After the death of the Chinese doctor, who was the first to draw attention to the danger of the new virus, the party now praised its “professionalism”. At first, she had branded him a liar.
“Yes.” “I understand it.” These are probably Li Wenliang’s last written statements. Li was summoned on January 3, 2020, by the Zhongnanlu Police Station in Wuhan under the file number WuGong 2020103. The accusation against the doctor: spreading falsehoods in social networks. “On December 30, 2019, in the WeChat group ‘Medical Faculty of Wuhan University born in 2004’, you truthfully disseminated the discovery of seven alleged SARS cases,” says the interrogation record.
Li Wenliang was born in 1986 in the northeastern province of Liaoning. After a seven-year medical degree in Wuhan and subsequent training as a specialist in Xiamen, he started in 2014 in the Wuhan Central Hospital. The red pin on his doctor’s coat identifies him as a member of the Communist Party.
“Seven SARS Cases” in Wuhan
On December 30, 2019, Li published this post in the WeChat group of 150-year-old medical graduates: “Seven SARS cases in the Huanan seafood and fruit market. All patients are isolated in the intensive care unit.”
Someone from the group continued to distribute this post as a screenshot on the Chinese Internet, including the name and function of Li. According to the police, he fulfilled the criminal offense “disturbing social peace”. The police asked him whether he would stop doing this in the future. He answered “yes”. The officials also made it clear that he could face criminal prosecution. Li replied, “I got it!”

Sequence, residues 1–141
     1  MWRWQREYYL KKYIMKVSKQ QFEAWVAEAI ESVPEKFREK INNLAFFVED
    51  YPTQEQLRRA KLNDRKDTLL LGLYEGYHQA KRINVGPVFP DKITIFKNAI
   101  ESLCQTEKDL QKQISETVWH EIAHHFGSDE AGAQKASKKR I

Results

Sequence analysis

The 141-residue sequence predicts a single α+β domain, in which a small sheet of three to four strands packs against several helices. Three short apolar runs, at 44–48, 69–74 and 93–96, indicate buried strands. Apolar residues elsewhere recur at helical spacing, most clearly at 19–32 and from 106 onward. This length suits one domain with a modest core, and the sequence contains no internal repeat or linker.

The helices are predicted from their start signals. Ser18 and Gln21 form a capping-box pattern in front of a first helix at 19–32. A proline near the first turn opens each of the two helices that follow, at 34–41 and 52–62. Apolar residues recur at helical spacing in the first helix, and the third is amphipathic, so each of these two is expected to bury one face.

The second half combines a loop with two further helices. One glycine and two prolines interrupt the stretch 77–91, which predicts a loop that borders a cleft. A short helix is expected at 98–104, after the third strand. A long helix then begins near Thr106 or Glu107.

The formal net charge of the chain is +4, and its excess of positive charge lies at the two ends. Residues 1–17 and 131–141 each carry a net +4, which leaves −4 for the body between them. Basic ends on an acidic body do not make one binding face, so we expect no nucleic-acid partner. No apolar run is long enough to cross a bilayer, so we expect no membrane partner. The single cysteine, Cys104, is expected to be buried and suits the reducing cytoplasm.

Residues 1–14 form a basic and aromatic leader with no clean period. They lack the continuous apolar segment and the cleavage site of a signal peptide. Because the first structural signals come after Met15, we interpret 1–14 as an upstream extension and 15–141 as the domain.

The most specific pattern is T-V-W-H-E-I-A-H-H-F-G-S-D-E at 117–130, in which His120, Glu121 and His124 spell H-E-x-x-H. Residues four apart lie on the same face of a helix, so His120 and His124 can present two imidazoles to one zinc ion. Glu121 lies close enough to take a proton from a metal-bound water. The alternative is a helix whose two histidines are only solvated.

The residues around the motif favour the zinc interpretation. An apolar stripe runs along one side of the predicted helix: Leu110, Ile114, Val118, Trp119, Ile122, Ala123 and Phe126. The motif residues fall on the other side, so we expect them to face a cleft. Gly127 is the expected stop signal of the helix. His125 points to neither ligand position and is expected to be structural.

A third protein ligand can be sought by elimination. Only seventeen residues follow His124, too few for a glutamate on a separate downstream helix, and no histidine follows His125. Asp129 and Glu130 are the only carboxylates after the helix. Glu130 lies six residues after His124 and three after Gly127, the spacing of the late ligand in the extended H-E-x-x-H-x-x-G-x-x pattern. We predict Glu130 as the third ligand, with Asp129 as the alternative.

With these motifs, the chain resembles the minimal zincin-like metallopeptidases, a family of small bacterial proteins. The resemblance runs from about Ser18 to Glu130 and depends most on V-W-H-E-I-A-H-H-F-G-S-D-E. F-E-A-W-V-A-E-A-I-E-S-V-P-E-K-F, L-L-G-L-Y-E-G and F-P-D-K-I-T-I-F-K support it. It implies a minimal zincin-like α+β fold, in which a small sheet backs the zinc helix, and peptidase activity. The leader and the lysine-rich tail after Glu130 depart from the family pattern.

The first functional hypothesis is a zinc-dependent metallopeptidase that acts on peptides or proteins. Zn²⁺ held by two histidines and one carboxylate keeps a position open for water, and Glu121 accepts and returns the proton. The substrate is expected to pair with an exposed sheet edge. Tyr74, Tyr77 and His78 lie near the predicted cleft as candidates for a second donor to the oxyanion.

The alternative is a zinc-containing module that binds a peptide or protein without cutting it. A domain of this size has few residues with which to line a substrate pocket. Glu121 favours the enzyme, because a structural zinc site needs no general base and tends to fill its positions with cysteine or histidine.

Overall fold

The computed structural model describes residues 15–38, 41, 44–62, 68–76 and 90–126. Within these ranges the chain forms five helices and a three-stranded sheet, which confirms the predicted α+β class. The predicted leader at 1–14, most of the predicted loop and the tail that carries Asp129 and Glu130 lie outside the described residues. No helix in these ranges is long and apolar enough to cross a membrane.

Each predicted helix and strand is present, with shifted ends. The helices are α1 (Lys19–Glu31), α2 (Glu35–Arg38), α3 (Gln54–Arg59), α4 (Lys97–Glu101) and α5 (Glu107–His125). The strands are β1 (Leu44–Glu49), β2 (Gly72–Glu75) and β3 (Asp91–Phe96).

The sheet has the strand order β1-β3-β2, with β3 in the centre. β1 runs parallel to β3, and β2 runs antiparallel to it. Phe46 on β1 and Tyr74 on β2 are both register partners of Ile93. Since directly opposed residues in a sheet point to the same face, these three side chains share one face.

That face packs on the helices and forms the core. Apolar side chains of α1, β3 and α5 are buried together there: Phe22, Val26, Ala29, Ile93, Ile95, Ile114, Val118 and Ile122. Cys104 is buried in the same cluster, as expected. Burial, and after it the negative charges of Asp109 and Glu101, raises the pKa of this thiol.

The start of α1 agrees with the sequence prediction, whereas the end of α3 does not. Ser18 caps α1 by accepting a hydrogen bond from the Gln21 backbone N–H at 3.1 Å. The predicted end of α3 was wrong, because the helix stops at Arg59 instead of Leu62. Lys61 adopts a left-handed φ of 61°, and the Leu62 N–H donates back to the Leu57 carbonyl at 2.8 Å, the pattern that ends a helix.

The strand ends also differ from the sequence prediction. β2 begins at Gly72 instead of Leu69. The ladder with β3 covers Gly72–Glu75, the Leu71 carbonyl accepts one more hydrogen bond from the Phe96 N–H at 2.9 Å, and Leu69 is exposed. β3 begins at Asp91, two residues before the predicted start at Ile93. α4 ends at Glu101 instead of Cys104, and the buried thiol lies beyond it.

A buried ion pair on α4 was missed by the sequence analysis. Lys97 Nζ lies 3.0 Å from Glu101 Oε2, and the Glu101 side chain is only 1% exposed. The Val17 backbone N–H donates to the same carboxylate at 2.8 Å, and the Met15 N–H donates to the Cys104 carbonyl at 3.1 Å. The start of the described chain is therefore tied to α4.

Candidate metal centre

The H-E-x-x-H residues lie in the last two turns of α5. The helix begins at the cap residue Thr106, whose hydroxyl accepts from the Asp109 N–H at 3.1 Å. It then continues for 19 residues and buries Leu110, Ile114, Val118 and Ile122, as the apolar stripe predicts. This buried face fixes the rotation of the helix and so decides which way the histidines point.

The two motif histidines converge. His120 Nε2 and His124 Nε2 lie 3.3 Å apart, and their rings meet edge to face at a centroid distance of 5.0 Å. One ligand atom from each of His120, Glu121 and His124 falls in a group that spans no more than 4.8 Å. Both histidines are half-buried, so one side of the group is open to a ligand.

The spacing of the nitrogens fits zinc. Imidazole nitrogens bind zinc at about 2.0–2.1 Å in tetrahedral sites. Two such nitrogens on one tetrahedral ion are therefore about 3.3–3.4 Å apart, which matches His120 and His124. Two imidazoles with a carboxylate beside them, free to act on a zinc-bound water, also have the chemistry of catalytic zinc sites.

Denounced as a liar
He and another seven medical professionals were portrayed as “liars” by the state-controlled press in early January. All of them would have spread false reports about cases of lung diseases with the aim of causing unrest and panic among the population. This news also appeared on the main news broadcast of the state television CCTV.
A week later, Li was hospitalized because of the then mysterious lung disease. The virus was also found in his parents and some doctor colleagues. In his last interview with Chinese magazine “Caixin” (financial news) on January 30, when he was already sick, Li withdrew his confession. “I didn’t spread any falsehood,” he says, “I wanted to make my fellow doctors aware, but I didn’t want to cause panic.” In his post, he also added a laboratory report that the cases from the Huanan market were a SARS-like virus. “In a healthy society, there cannot be only one voice,” Li told Caixin.
The party’s posthumous praise for Li’s “attention”
Li died on Friday night. He was 34 years old. The World Health Organization (WHO) tweeted: “We are infinitely sad about the death of Dr. Li Wenliang. His performance in the fight against the virus must be recognized.”
After Li was initially portrayed as a liar and troublemaker, now the 180-degree turn after his death. The nationalist daily “Global Times” praises Li’s “professionalism and attention to an impending epidemic”. And the National Monitoring Commission, a new anti-corruption agency founded under Xi Jinping, has ordered “an independent investigation into all issues related to Dr. Li that come from the population.”
The netizens see him as a brave national hero who was not intimidated by the leadership and told the truth. Some started the hashtag “We want the freedom of expression” on Weibo. Such forums were quickly closed.